WHO WILL START ANOTHER FIRE – Review by Diane Carson

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Who Will Start Another Fire offers an impressive, diverse nine-film anthology.

Dedze Films’ mission is to curate and distribute films focused on “underrepresented communities and early works of emerging storytellers,” as demonstrated by the nine works included in Who Will Start Another Fire. From Israel, Nigeria, Philippines, Uganda, and the U.S., running ten to twenty minutes each, these fiction and nonfiction, realistic and impressionistic creations signal the talent of diverse directors.

The anthology title refers to Malawi poet Jack Mapanje’s question “Who will start another fire?” Here, without the question mark, the title asserts, quite confidently, that these nine women and one man are the answer. I agree, especially given the expertise on display. Though time, unfortunately, prohibits in-depth analysis, I can highlight subjects that range from a brilliant, wordless tap dance, violent incidents, and a face off in Not Black Enough to a young Chinese-American girl adrift, angry, and yet resourceful as her mother all but abandons her in Like Flying.

Young Nigerian boy Obi faces his own disruptive, unexpected outcomes in Troublemaker. Traveling to Kampala, Uganda, Family Tree finds eight-year-old Nagawa facing a dual crisis. After an accident seriously injures her father, a parliament member, her mother Margaret takes Nagawa with her to the hospital where they encounter many more, previously unknown, mistresses and children.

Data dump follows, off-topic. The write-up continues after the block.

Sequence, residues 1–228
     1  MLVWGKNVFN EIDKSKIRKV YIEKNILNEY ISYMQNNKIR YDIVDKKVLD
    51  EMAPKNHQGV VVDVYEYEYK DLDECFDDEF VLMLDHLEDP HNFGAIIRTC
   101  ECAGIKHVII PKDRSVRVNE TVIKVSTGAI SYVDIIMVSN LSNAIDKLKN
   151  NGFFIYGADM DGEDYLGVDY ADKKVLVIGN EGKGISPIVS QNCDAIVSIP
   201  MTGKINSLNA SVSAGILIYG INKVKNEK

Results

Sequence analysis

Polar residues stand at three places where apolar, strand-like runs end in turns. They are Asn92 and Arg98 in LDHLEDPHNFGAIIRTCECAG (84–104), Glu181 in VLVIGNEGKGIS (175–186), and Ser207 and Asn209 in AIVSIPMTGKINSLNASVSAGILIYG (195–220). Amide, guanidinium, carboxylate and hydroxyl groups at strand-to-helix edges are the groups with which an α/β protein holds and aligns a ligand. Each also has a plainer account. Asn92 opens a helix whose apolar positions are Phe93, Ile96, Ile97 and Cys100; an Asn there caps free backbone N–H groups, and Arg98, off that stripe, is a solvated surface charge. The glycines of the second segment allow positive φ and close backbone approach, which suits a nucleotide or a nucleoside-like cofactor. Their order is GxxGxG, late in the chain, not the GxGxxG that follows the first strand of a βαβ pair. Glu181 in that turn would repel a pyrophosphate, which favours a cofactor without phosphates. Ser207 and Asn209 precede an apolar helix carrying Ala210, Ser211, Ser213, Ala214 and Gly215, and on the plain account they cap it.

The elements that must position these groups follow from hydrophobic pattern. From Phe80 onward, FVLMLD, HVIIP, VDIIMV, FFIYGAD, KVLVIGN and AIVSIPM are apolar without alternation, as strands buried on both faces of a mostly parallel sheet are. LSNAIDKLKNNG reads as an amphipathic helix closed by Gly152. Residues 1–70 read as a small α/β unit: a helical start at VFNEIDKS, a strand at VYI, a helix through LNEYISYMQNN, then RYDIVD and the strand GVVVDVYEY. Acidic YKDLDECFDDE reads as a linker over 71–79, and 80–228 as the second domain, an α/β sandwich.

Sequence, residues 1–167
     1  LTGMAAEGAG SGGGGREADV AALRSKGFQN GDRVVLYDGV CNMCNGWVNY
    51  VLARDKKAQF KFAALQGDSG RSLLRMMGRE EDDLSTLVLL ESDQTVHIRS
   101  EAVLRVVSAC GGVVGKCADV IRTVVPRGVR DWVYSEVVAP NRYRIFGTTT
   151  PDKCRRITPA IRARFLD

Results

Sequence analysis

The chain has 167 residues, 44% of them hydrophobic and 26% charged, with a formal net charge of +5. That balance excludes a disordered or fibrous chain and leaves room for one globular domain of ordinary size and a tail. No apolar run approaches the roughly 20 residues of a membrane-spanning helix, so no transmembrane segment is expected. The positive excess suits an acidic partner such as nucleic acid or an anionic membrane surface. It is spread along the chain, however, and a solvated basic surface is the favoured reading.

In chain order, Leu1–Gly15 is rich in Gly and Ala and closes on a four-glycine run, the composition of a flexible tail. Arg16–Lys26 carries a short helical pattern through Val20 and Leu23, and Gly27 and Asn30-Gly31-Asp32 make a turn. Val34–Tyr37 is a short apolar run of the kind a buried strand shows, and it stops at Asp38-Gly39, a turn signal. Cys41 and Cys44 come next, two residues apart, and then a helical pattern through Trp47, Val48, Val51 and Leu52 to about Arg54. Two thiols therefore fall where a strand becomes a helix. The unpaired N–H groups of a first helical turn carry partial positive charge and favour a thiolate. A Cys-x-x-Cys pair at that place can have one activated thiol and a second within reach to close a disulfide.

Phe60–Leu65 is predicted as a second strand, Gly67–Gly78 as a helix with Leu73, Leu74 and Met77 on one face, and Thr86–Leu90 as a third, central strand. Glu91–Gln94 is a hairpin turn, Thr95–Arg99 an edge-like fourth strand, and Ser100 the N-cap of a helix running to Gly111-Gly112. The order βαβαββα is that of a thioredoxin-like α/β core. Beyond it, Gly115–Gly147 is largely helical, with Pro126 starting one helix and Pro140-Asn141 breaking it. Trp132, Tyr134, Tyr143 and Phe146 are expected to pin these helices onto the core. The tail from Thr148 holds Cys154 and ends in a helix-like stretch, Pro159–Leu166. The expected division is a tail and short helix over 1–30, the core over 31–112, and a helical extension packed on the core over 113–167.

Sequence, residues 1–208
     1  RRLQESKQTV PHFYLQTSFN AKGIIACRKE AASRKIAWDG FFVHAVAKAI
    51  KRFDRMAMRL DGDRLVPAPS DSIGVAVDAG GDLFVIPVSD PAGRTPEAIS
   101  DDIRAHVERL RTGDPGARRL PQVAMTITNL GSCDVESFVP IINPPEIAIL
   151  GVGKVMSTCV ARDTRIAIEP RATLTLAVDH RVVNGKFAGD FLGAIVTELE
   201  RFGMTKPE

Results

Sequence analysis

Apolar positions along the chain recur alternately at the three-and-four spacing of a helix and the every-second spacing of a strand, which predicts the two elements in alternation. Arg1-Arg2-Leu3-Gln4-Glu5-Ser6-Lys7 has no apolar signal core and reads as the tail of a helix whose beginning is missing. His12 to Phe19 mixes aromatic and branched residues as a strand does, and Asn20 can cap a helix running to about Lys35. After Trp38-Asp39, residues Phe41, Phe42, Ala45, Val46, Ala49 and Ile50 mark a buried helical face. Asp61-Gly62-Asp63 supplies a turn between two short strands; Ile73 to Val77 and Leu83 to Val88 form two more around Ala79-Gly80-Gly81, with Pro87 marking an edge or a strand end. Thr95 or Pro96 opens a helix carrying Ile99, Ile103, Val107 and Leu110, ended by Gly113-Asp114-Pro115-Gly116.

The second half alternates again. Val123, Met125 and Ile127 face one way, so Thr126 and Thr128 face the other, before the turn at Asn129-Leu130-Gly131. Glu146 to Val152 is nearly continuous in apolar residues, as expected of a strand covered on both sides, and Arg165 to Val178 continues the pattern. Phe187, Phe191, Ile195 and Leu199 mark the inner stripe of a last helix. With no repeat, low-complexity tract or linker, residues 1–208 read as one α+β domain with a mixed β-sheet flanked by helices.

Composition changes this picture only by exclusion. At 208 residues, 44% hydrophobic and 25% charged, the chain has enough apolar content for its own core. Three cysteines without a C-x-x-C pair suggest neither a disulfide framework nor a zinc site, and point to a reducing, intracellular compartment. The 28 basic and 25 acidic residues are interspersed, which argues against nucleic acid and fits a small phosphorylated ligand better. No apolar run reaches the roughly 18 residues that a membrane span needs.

Based on a true story, another secret propels the Israeli film Polygraph. An intelligence officer in the Israeli army, Or reveals to her lover Yasmine, an Arab nurse working in Tel Aviv, that she has reported on their liaison and now faces background checks and a polygraph. A visit from Yasmine’s West Bank sister intensifies the conflict within the claustrophobic apartment. Two nonfiction films also capture conflict. By Way of Canarsie documents a Black community advocating for a commuter ferry, with archival footage providing historical context. The Rose of Manila imagines Imelda Marcos’ early aspirational, determined fight for recognition in 1953.

In a contrasting style, the impressionistic The Lights Are On, No One’s Home and Slip follow women, one a trans woman returning home and the other who immerses herself in a beautiful, different, vacant city at night. These formidable films present distinctive thematic and stylistic statements. With English subtitles as needed.

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Diane Carson

Diane Carson, Ph.D., Professor Emerita, has reviewed films for over 25 years and has covered the Cannes, Telluride, Toronto, Palm Springs, and Sundance festivals. She writes for KDHX, 88.1 FM. St. Louis’ community radio. One of the founders of the St. Louis International Film Festival, she continues to serve on juries. A past president of the University Film and Video Association, she taught film studies and production at St. Louis Community College and at Webster University. Her new book, written with two colleagues, is “Appetites and Anxieties: Food, Film, and the Politics of Representation,” Wayne State U. Press, 2014.